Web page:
• Security loopholes found in BMW’s Connected Drive make it possible to steal car data

    30 January 2015

    On 30 January 2015, security loopholes in BMW vehicles equipped with Connected Drive technologies were revealed. Believed to affect 2.2 million BMW vehicles worldwide, these flaws in the software allow thieves to unlock doors and track car data through a mobile phone without leaving a trace. The FIA has long advocated for secure, open networks for vehicle connectivity. Vehicle manufacturers have argued that only closed networks can be truly secure. In fact, the loopholes in BMW’s closed, wireless connected car network prove that a closed network is not necessarily secure.

    Jacob Bangsgaard, Director General of FIA Region I said: “We are concerned about these findings as car owners have been unknowingly at risk of having their vehicle tracked and opened without a single trace. We have always supported strong data protection for consumers, which should be the leading concern as connected vehicles come to market. As has been proven in this example, a closed network does not necessarily result in data security and car owners must be assured that their vehicle data cannot be abused by tracking or theft.”

    The gaps in security were discovered as part of a study performed by the German Automobile Club, ADAC, to discover what repair and maintenance data is sent over the BMW network. The functions that were found to be accessible remotely were opening of doors, location of the vehicle, recorded speed data, programming of the emergency call number, and emails. BMW has announced that the security loopholes will be closed by 31 January 2015 by activating encrypted communication with the affected vehicles. This is the first-ever “digital recall”; it will not require a workshop call or the replacement of any parts and will be carried out remotely.

    ENDS

    NOTES TO EDITORS

    BMW Connected Drive security loopholes – ADAC release

    FIA Region I video on consumer principles for access to data and your car

    Affected vehicles (according to the manufacturer)

    All Connected Drive models produced from March 2010 up to, and including, 8 December 2014.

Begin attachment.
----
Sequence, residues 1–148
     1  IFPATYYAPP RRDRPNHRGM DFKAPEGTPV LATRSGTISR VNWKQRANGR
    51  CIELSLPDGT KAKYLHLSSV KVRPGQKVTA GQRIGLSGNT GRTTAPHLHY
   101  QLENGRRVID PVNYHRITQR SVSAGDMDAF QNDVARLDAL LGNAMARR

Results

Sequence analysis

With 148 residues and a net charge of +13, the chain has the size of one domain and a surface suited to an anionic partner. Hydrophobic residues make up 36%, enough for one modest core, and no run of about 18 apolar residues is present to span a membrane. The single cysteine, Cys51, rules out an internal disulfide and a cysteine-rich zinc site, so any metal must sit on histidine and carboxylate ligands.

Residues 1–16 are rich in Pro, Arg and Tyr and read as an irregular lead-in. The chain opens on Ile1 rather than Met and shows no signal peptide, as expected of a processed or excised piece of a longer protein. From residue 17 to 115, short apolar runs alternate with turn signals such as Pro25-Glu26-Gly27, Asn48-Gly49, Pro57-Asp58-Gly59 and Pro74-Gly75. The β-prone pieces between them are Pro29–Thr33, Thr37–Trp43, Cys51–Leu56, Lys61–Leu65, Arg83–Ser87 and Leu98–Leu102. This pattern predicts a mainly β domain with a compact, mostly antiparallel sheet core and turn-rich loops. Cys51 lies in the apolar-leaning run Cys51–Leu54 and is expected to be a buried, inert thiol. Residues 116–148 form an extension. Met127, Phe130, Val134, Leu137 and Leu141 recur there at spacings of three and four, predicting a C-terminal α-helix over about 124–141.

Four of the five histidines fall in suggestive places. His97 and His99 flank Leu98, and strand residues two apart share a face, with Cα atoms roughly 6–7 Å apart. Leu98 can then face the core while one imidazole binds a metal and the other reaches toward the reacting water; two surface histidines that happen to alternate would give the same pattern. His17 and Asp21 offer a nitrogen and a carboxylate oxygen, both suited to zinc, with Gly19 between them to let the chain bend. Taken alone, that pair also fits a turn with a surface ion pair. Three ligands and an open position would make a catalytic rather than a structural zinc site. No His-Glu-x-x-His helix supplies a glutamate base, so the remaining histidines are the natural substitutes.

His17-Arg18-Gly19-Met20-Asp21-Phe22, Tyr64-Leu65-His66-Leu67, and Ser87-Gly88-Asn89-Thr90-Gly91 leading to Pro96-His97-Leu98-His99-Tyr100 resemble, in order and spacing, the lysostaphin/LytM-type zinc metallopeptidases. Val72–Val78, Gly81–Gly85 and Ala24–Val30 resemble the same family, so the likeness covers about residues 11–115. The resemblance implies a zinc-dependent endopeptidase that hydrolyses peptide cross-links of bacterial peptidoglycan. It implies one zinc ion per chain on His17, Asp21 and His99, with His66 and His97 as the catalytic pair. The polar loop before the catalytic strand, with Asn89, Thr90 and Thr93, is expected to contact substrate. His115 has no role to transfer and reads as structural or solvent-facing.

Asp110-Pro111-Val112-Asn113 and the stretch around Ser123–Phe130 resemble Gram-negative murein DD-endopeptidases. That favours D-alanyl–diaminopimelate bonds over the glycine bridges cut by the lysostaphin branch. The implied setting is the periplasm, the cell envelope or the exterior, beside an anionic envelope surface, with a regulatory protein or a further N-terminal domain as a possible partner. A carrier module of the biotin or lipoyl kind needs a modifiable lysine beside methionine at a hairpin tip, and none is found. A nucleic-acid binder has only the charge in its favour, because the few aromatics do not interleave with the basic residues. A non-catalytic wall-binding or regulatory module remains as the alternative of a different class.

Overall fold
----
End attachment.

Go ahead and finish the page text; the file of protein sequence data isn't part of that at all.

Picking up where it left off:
BMW
    1-series, incl. Cabrio, Coupé and Touring (E81, E82, E87, E88, F20, F21)
    2-series, incl. Active Tourer, Coupé and Cabrio (F22, F23, F45 )
    3-series, incl. Cabrio, Coupé, GT, M3 and Touring (E90, E91, E92, E93, F30, F31, F34, F80)
    4-series Coupé, Cabrio, GranCoupé and M4 (F32, F33, F36, F82, F83)
    5-series, incl. GT and Touring (E81, E82, F07, F10, F11, F18)
    6-series, incl. Cabrio and GranCoupé (F06, F12, F13)
    7-series (F01, F02, F03, F04)
    I3 (I01), I8 (I12)
    X1 (E84), X3 (F25), X4 (F26), X 5 (E70, F15, F85), X6 (E71, E72, F16, F86), Z4 (E89)

    Mini
    3-door and Countryman (F56, F60)

    Rolls Royce
    Phantom, incl. Coupé and Drophead Coupé (RR1, RR2, RR3)
    Ghost (RR4)
    Wraith (RR5)

    The loopholes apply 1.2 million vehicles in Europe an 2.2m worldwide. The manufacturer claims that any vehicles produced on or after 9 December 2014 do not have these loopholes.

    About FIA Region I

    FIA Region I is a consumer body representing 111 Motoring and Touring Clubs and their 38 million members from across Europe, the Middle East and Africa.

    The FIA represents the interests of our members as motorists, riders, pedestrians and passengers. FIA Region I is working to ensure safe, affordable, clean and efficient mobility for all. www.fiaregion1.com

    Contact:
    Andrea Campbell
    Communications Manager, FIA Region I
    acampbell@fia.com
    +32 2 282 0813